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Health Act 1999

Sections 46 to 49: NHS trusts

294.These sections enable the establishment of primary care NHS trusts in Scotland which will bring together community health services, primary care and mental health within a single organisation. They also provide NHS trusts with greater powers in dealing with their estate. This is intended to improve integration and co-ordination of primary and community health services and the provision of organisational support for GPs and other primary care providers. Through the establishment of Local Health Care Co-operatives (see commentary on section 45) the new organisations will also enable GPs and other primary care staff to become involved in the development and management of services. The new organisations will be governed by the existing legislative provisions relating to NHS trusts (as amended by the Act). In general there will be one primary care NHS trust in each Health Board area.

295.Section 46 mirrors section 13, achieving the same result for Scotland as section 13 does for England and Wales regarding the establishment of NHS trusts (see the commentary on section 13 for background detail).

296.Subsection (1) provides a new function for NHS trusts. It permits the Secretary of State for Scotland to establish NHS trusts to provide goods and services for the purpose of the health service. In addition, the Secretary of State will be able to confer, in an NHS trust’s establishment order, a duty to provide particular goods or services, at or from particular hospitals or facilities. This includes responsibility for services under Part II of the 1978 Act. These Part II services, also known as family health services, are: general medical services; general dental services; general pharmaceutical services; and general ophthalmic services. Primary care NHS trusts will be able take on the responsibility for a range of functions currently carried out by Health Boards including: making arrangements with suitably qualified Part II practitioners to supply services in their area; ensuring that patients have access to family health services; associated functions relating to the remuneration and discipline of practitioners and the development of primary care services. The intention is that primary care NHS trusts with responsibility for these functions, will be able to develop community and primary care health services in an integrated way.

297.Although it is intended to delegate to primary care NHS trusts the day to day operational functions relating to Part II services, Health Boards will continue to have a responsibility for the overall planning of primary care services. This will be achieved, as now, through Health Boards exercising on behalf of the Secretary of State the duty in section 18 of the 1978 Act to secure the provision of Part II services.

298.Section 47 inserts a new section 12AA in the 1978 Act which provides for the delegation of Part II services, currently the responsibility of Health Boards, to NHS trusts. For each Board, functions will be delegated to the NHS trust designated by direction of the Secretary of State. This will be the relevant primary care NHS trust established to provide services in the Board’s geographic area. In most cases there will be only one primary care NHS trust in each Health Board area, but where there is more than one (as is proposed for Argyll & Clyde and Lothian Health Boards), the Secretary of State will be able to designate which trust will have responsibility for Part II services in which particular area. Where there is no primary care NHS trust (as in Shetland, Orkney and Western Isles Health Boards), Part II services will continue to be the responsibility of the Health Board.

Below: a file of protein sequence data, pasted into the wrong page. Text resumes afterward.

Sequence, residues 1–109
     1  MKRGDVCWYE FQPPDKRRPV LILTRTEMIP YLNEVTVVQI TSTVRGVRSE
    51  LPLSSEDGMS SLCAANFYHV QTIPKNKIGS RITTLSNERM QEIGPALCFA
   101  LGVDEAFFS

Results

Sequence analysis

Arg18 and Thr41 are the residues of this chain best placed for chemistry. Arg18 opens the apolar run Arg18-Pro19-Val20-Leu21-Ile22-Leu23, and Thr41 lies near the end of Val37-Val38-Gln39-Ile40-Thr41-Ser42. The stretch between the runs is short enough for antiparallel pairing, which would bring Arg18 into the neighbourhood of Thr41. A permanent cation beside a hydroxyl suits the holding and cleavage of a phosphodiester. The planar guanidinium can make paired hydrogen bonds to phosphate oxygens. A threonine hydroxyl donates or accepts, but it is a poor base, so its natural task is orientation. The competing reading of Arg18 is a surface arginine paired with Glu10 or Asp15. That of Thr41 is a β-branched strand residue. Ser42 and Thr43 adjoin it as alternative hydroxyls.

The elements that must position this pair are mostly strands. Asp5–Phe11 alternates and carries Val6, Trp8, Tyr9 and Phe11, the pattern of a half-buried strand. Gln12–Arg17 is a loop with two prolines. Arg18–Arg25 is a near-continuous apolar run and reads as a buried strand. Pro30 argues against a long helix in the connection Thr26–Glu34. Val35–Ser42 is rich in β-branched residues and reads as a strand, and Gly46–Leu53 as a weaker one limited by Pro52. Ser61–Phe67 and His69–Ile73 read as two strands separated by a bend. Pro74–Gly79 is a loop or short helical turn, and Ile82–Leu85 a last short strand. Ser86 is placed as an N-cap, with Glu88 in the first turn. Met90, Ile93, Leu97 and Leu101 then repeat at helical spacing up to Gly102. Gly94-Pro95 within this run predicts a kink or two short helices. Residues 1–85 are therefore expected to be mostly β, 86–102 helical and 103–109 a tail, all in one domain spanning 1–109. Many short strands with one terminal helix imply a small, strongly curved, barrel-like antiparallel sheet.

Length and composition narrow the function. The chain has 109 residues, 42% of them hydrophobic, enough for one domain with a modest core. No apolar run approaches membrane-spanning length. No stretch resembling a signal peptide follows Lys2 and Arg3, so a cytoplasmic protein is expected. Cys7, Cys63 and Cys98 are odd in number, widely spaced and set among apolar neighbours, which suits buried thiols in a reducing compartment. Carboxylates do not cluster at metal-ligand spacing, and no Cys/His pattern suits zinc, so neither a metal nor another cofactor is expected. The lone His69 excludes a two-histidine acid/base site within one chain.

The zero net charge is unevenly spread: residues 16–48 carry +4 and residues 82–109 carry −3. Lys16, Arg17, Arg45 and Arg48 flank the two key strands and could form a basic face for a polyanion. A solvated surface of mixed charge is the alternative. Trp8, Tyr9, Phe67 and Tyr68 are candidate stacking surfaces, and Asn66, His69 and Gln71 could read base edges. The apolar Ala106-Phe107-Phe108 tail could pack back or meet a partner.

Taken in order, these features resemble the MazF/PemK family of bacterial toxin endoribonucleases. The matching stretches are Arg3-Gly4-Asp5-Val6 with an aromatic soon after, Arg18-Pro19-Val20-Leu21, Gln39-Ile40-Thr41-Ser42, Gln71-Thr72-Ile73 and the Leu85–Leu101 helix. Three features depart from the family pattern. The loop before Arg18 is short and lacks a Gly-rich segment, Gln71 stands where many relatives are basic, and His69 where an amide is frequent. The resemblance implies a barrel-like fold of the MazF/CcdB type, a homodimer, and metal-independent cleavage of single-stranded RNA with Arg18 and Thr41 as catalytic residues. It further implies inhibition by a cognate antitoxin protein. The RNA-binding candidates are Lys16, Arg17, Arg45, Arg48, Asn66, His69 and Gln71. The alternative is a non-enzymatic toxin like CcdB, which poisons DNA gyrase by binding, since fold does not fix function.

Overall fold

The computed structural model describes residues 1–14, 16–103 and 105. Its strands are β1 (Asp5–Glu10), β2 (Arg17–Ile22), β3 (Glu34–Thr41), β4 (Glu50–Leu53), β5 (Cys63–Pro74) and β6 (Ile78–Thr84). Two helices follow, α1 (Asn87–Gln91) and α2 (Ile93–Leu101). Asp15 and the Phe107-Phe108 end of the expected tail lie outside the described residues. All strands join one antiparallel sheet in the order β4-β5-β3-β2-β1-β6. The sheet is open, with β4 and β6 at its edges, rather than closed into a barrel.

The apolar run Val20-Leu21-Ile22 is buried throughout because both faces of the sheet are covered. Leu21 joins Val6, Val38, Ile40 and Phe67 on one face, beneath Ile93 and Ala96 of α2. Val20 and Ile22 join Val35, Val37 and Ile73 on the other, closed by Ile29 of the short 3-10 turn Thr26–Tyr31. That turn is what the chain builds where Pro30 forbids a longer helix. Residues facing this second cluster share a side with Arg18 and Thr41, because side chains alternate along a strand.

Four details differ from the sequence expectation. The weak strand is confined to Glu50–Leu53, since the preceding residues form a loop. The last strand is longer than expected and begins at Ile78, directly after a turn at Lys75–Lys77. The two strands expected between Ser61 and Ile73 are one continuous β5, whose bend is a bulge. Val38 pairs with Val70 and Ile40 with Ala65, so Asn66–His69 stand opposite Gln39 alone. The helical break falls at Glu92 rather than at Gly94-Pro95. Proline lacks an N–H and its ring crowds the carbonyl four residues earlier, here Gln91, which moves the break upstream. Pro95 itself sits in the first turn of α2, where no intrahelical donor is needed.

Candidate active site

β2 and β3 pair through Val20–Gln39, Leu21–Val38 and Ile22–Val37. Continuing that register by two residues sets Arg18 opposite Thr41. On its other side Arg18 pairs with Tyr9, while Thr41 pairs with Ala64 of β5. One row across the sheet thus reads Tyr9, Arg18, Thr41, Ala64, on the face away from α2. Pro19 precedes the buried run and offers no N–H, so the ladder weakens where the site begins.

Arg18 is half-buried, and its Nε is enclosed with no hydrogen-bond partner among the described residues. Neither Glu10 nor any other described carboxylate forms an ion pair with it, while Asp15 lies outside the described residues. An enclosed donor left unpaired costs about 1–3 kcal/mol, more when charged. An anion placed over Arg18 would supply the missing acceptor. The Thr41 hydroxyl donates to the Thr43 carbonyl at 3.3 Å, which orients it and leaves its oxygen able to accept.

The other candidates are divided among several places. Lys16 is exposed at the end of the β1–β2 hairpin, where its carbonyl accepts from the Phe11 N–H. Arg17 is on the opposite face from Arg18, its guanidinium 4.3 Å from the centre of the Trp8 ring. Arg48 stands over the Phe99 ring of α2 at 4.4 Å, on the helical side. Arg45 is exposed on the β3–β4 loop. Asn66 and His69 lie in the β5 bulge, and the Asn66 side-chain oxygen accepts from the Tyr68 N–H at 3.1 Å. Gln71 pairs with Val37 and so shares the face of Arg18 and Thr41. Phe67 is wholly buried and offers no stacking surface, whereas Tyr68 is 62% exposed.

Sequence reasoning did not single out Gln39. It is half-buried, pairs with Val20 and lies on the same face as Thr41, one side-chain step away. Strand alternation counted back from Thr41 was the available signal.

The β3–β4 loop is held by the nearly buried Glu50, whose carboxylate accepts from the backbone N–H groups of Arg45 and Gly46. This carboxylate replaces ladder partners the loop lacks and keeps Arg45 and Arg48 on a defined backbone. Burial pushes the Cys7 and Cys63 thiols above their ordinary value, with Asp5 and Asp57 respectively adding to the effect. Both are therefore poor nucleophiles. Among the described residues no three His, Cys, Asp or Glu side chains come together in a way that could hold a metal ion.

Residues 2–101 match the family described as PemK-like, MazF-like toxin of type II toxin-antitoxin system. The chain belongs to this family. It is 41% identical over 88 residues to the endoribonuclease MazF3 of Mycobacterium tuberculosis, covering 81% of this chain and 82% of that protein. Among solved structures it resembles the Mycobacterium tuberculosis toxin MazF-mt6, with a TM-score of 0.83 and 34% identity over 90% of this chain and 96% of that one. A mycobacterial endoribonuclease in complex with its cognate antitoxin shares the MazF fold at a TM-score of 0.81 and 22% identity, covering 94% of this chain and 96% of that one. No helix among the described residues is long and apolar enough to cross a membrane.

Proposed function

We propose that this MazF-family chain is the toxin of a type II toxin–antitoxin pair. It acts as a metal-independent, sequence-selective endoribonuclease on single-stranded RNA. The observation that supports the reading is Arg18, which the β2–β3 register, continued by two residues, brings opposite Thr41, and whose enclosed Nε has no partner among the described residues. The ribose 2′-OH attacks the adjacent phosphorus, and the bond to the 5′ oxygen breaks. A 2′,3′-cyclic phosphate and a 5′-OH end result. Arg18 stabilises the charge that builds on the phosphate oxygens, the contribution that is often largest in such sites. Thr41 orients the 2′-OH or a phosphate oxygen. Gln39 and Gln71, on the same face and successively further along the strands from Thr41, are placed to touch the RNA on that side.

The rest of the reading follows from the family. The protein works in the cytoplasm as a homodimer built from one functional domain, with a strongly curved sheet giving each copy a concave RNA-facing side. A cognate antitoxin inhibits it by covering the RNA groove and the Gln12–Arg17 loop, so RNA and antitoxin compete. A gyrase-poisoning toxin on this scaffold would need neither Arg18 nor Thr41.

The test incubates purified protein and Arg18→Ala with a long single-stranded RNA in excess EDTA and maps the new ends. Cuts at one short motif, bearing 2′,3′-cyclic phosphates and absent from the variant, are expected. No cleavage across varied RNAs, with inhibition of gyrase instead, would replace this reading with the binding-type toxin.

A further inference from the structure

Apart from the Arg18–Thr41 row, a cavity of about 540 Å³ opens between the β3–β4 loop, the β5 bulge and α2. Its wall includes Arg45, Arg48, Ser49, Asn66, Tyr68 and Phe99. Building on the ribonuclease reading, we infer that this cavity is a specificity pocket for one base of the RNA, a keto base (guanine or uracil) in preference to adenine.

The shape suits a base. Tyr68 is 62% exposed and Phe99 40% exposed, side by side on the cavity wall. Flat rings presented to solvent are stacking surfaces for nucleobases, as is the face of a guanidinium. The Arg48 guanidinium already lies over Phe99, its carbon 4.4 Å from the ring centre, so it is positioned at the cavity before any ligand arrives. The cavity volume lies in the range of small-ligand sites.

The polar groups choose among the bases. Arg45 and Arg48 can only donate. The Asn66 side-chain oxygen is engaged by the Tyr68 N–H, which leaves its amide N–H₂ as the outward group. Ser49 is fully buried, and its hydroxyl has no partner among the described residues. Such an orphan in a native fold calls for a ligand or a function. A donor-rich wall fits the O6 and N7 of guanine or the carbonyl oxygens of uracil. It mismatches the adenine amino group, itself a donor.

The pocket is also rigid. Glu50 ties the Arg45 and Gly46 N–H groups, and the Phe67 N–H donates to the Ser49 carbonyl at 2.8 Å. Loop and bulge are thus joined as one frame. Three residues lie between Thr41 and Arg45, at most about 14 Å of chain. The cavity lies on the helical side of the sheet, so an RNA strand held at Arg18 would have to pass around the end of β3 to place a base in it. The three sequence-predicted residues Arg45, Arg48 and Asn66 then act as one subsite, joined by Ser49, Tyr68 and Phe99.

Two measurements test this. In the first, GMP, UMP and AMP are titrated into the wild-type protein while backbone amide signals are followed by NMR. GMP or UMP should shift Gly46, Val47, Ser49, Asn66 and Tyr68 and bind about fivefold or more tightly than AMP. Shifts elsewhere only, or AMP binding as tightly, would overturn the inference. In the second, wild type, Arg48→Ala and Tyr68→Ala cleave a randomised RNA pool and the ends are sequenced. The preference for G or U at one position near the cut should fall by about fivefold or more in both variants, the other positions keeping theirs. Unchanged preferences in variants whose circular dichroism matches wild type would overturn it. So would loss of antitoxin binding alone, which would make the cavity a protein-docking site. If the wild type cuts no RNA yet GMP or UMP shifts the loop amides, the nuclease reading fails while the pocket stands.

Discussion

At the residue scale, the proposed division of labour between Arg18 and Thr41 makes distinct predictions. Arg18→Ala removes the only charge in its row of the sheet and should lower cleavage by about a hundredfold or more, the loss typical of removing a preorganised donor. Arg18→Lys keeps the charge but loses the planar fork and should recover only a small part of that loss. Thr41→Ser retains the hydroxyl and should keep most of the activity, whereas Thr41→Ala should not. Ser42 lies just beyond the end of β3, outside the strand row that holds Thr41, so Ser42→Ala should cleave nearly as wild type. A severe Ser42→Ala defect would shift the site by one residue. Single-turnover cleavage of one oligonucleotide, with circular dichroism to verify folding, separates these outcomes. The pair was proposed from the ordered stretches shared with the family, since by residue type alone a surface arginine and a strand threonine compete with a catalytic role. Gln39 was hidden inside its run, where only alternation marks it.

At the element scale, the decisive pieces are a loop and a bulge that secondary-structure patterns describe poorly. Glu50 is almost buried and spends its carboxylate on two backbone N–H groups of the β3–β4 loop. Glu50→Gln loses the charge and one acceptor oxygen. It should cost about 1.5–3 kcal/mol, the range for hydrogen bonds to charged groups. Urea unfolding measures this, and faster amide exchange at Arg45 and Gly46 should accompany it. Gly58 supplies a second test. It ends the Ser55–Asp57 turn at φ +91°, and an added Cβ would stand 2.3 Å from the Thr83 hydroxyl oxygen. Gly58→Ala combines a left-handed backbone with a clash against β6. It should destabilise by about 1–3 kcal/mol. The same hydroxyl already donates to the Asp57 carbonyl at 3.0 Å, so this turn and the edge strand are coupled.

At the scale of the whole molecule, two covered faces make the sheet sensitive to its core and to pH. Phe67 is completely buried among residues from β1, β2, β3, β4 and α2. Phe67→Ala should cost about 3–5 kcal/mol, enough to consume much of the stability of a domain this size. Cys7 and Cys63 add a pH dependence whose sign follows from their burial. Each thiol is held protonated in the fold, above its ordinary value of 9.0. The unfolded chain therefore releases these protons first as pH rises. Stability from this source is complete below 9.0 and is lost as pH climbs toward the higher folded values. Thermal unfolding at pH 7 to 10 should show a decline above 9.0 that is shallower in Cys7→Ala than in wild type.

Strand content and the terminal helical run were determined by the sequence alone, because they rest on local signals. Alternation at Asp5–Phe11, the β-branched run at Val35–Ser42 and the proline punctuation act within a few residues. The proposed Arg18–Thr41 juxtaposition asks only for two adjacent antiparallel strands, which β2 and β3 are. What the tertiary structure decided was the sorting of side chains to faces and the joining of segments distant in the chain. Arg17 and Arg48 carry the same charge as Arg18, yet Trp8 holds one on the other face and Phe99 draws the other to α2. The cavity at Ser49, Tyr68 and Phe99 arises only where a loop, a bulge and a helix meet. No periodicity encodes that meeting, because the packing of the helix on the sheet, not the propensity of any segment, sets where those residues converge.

299.Section 48: The White Paper Designed to Care signalled the intention to modify the existing arrangements for NHS trust boards as part of the new proposals. Provisions for the broad composition of NHS trust boards are set out in section 12A(3) of the 1978 Act. This provides that an NHS trust board is a body corporate with a board of directors consisting of a chairman appointed by the Secretary of State, and executive and non-executive directors. Section 48 amends section 12A(3)(a) of the 1978 Act to provide that in future non-executive directors will be known as “trustees”. Regulations made under section 12A(5) allow the Secretary of State to specify the maximum and minimum numbers of members of the trust board. The power is likely to be used to specify that an NHS trust board must have not more than 5 executive directors (who are employees of the trust) and not more than 5 non-executive trustees. In the case of NHS trusts which are teaching hospitals, however, an extra trustee will be appointed to represent the relevant university. The overall intention is to broaden the range of those who can be appointed to act as trustees.

300.Section 49: The current direction-giving powers in respect of NHS trusts are conferred by paragraph 6 of Schedule 7A to the 1978 Act and relate to a limited number of very specific matters. Section 49 replaces these powers of direction with a general power, in line with that relating to Health Boards, which enables directions to be given in relation to the full range of NHS trusts’ functions. The Government intends to use this power to meet the commitment in the White Paper Designed to Care to ensure that the NHS trusts manage their estate in ways which are consistent with local strategic plans.

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